Reza Hakkak

Reza Hakkak

University of Arkansas for Medical Sciences, USA

Title: Obesity and fatty liver prevention by diet and weight loss


Reza Hakkak is working as a faculty member University of Arkansas for Medical Sciences, is a nutritionist, Professor and Chairman of the Department of Dietetics and Nutrition in the College of Health Related Professions, Professor of Pediatrics in the College of Medicine, and Professor of Maternal Child Health in the College of Public Health. His research is primarily in the areas of basic nutrition science research and nutrition education. His basic nutrition research interests include the influence of nutrition on cancer prevention, the influence of obesity on cancer promotion, and the effects of differing diets and nutrition on chemical carcinogenesis. For past 10 years, his research interests have focused on links between obesity, diet and breast cancer promotion.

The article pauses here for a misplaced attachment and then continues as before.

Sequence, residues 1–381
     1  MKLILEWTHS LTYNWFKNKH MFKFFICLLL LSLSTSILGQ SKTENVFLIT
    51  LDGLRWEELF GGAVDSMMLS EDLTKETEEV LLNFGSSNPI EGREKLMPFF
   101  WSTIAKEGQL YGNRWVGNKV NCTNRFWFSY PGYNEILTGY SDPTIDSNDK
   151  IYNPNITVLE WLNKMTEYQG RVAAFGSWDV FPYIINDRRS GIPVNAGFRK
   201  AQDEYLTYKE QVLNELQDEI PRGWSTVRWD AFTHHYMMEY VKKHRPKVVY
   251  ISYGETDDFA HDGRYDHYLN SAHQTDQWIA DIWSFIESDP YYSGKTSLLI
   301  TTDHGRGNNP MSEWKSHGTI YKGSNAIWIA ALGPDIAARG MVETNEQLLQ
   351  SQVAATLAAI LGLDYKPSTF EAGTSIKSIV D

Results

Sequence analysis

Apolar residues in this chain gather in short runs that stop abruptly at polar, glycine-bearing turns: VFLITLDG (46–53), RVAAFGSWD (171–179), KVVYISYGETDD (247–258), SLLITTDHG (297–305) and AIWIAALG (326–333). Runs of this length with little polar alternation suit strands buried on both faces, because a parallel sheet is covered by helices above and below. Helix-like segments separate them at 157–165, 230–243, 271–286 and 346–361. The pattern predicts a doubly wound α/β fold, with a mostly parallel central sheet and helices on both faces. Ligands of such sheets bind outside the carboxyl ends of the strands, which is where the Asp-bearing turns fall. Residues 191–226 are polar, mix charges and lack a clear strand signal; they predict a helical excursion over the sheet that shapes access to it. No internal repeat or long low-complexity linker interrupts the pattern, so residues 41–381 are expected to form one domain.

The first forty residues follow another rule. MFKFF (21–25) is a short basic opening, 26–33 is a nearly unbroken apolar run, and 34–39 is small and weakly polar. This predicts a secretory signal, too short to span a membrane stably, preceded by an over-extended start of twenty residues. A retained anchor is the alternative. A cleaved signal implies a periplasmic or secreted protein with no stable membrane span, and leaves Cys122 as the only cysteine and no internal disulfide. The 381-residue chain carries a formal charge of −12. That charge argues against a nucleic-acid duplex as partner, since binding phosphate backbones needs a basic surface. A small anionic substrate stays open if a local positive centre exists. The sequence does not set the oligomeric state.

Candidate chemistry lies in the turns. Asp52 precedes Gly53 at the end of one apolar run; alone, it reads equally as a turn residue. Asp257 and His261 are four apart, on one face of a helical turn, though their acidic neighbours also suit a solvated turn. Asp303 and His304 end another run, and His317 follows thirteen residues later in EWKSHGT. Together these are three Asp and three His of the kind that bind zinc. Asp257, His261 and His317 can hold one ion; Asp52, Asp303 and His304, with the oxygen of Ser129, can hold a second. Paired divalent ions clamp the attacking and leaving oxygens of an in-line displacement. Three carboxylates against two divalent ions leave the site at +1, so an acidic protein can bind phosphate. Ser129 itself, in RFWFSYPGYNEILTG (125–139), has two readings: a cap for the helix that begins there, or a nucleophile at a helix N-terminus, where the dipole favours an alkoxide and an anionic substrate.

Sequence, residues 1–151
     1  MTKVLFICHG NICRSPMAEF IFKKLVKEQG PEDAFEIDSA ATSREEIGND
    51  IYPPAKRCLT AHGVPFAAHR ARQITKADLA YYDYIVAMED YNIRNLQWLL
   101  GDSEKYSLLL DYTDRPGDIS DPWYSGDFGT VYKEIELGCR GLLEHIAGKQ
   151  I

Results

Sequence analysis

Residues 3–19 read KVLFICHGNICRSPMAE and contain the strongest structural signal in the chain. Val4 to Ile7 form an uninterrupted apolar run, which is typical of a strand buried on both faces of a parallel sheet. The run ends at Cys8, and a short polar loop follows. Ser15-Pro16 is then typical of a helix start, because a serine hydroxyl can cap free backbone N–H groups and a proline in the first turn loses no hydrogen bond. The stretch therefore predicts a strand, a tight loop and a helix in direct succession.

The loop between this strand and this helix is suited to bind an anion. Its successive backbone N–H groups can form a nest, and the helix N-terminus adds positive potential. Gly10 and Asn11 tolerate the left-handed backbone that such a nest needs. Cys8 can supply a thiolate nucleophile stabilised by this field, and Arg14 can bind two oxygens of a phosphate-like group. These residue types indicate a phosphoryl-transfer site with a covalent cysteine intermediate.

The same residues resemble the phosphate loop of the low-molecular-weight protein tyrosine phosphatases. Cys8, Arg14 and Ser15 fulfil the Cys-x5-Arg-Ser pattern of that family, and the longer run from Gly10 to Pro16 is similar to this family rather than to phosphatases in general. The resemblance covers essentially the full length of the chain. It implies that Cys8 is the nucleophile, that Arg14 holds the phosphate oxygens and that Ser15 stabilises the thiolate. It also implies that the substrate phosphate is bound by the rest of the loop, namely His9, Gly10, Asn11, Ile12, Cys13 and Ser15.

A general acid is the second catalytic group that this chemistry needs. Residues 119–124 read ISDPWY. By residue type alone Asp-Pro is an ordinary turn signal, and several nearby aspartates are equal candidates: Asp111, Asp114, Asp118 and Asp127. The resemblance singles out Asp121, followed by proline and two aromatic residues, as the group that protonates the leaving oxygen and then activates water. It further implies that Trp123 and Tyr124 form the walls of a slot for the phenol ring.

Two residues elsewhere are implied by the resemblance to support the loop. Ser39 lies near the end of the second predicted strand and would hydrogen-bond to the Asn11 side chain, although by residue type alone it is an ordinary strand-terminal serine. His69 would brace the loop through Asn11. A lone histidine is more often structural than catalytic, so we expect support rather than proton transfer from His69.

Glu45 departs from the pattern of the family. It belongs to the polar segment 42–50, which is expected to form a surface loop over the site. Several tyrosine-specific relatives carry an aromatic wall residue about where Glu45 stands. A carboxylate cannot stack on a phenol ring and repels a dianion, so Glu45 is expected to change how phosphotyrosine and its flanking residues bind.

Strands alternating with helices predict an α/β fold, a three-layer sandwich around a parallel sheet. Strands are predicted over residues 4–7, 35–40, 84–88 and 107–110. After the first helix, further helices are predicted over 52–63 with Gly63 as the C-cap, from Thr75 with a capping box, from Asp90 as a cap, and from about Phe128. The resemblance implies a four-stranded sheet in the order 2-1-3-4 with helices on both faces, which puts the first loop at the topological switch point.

Obesity has been an epidemic in the US and world for more than two decades, and the proportion of overweight and obese adults in the population continue to grow. Obesity is associated with serious health conditions, including type 2 diabetes, cardiovascular disease, certain types of cancers, hyperlipidemia, and liver steatosis. Weight Loss also has been associated with reducing these diseases. Fatty liver disease can range from fatty liver alone (liver steatosis) to fatty liver associated with inflammation (steatohepatitis). Non-alcoholic fatty liver disease (NAFLD) is one of the common causes of liver diseases with a prevalence of up to 34% in the US but this prevalence increases to more than 50% in the obese population. NAFLD is the major cause of abnormal liver function and often associated with obesity. Dehydroepiandrosterone (DHEA) is an over-the-counter dietary supplement used as an anti-cancer agent and anti-obesity supplement. We performed two different experiments. 1) To investigate long-term effects of obesity and DHEA treatment on body weight gain and liver steatosis. Rats were fed either chow or chow with the DHEA (6 g/kg diet) and were killed 155 days later. Obese rats fed the DHEA diet gained significantly less weight (P<0.001) and less liver steatosis (P<0.001) than control fed rats. These data suggest that there might be a link between liver damage and breast cancer development. 2) To determine the role of soy protein isolate (SPI) in reducing liver steatosis. Rats (6 weeks old) were assigned either casein (CAS) as control or a SPI diet with isoflavones (SPI) for 16 weeks. SPI gained more weight (P<0.05) than CAS rats. The SPI rats had lower liver steatosis scores (P<0.001) compared to CAS rats. SPI rats had lower serum alanine amino transferase (ALT) and aminotransferase (AST) levels (P<0.05) compared to CAS. Our results suggest that longer period of SPI feeding results in lower liver steatosis and serum ALT and AST levels.